I have a confession to make. I haven’t been reading many books lately. Oh sure, I’ve read 100 different installments involving Thomas the Tank Engine, and I read online all day long, but I haven’t read a novel in ages. As in, at least six months. What’s even funnier is that my son and I are at the library at least twice a week, but it’s not really “my” time at the library. Last week while we were there, I made an effort to migrate out of the youth area and into the “new books” section. I am so glad I did. I picked up What Alice Forgot, by Liane Moriarty and I can’t stop thinking about it.
Maybe it’s because I’m nearly the age Alice is in the story. Maybe it’s because I’ve been married for 10 years. Maybe it’s because it’s the right premise for this stage in my life. What Alice Forgot tells the story of Alice Love, a nearly forty-year-old woman who suffers a brain injury when she falls off her bike in spin class. She hits her head in 2008, but when she wakes up, she believes it is 1998.
She quickly discovers her life has taken twists and turns she could have never imagined. Her relationships with the people who were dearest to her in 1998 have changed to the point of no return. Since 1998, apparently, she’s met a new best friend and watched her die. She’s taken up spinning. She’s given birth to three children. She and her husband Nick have apparently finished their “Impossible Dream” list of things to do to repair their home, and Nick has moved out. And she can’t, except for snippets, recall any of it.
This premise has had me thinking for days. Ten years ago, in 2002, I was newly married myself. We were renting a townhouse, and Mr. SallyJ actually worked out of state. I was teaching preschool, dreaming of buying a house and starting a family. I had one niece and one nephew, both of whom were newborns. I had a good circle of friends, and had just met what would become a very special group of women known as my cooking club (more on them in a different post).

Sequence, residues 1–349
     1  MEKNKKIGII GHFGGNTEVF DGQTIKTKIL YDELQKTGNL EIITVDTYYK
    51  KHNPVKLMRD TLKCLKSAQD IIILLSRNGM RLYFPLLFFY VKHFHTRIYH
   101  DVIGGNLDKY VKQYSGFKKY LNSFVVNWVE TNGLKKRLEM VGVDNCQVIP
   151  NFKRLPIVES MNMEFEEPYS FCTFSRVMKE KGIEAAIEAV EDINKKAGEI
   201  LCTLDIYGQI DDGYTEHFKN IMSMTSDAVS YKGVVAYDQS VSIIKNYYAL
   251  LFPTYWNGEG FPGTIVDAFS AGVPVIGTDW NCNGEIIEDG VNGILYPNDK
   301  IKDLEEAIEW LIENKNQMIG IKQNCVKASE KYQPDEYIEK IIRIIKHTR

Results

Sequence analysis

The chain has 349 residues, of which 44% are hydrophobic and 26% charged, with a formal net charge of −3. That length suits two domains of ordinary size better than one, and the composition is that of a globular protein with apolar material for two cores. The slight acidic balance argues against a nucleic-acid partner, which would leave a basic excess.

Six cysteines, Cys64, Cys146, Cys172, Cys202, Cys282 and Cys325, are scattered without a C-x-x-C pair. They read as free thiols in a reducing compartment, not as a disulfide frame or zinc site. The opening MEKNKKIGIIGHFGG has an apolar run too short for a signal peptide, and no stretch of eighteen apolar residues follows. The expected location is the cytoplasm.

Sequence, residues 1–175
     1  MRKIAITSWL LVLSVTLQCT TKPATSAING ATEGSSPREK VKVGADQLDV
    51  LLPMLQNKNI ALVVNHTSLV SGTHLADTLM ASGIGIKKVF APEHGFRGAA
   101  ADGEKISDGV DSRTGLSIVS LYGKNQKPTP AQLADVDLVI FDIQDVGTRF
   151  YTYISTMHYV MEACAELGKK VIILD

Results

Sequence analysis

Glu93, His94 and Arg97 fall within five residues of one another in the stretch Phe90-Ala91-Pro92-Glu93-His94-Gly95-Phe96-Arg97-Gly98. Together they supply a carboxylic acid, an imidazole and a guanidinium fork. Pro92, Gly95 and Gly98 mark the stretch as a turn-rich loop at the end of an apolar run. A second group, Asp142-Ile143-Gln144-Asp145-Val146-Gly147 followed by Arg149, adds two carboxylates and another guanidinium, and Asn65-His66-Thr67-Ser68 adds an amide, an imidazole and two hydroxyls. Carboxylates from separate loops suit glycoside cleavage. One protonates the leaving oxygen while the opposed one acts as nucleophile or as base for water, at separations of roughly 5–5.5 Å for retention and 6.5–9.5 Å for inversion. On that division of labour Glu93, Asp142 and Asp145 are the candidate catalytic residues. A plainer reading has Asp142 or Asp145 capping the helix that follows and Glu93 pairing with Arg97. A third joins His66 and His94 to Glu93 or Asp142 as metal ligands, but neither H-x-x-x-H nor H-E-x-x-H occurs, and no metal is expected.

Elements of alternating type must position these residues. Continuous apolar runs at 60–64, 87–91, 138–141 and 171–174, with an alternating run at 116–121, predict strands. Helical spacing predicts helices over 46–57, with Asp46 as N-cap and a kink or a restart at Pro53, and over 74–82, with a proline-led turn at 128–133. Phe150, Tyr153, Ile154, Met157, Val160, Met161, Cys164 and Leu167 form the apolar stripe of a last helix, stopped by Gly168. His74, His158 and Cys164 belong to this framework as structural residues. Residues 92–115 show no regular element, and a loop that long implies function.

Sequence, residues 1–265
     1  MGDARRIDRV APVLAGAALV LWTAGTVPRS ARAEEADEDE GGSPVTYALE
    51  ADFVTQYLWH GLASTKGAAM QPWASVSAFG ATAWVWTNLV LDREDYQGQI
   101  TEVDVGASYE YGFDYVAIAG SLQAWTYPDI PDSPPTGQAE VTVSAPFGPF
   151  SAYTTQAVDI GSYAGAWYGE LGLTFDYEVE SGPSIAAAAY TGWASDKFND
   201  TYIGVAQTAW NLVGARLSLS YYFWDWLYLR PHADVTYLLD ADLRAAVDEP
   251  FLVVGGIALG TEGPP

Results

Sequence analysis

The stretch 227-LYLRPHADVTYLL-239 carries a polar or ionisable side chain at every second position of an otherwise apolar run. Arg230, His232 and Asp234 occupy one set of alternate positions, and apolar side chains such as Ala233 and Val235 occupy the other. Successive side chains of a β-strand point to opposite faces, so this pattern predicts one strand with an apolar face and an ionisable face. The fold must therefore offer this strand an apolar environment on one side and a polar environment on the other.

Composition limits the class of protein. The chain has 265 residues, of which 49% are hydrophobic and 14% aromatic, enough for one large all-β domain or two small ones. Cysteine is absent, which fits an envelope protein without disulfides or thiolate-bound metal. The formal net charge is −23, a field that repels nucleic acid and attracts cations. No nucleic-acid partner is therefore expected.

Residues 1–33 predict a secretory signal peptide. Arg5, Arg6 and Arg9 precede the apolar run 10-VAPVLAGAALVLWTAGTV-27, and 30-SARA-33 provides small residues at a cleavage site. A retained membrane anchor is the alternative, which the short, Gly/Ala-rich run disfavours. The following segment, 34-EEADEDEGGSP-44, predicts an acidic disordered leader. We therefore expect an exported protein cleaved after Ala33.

Fast forward to 2012. I’ve been married for ten years. We’ve adopted two children and know their birth families. We own a townhouse we cannot sell. Mr. SallyJ works in an entirely different field. I work in search marketing and SEO and client support. We have, at most recent count, 14 nieces and nephews. My circle of friends has stretched and expanded and broken off and repaired itself. The friends I spoke with daily in 2002 are not the friends I speak to daily in 2012. I write more in one week in 2012 than I wrote the entire year of 2002.
i cannot imagine losing these past ten years of my life, I just can’t. That, I think, is what sucked me into this book. The idea of looking at your husband or your sister and not knowing what’s come to pass between you (because, clearly, by their behavior, something has come to pass) is fascinating. The idea that you have no idea who your children are, that you are unaware of their very being, is petrifying to me. But this is where Alice starts. And although she does get her memory back, Young Alice, as Old Alice likes to call her, sticks around in some ways. She’s softer around the edges. She’s willing to let bygones be bygones. She likes to eat chocolate.
I won’t give any spoilers away, but pose this question- what would it be like for you to wake up and think it was 2002?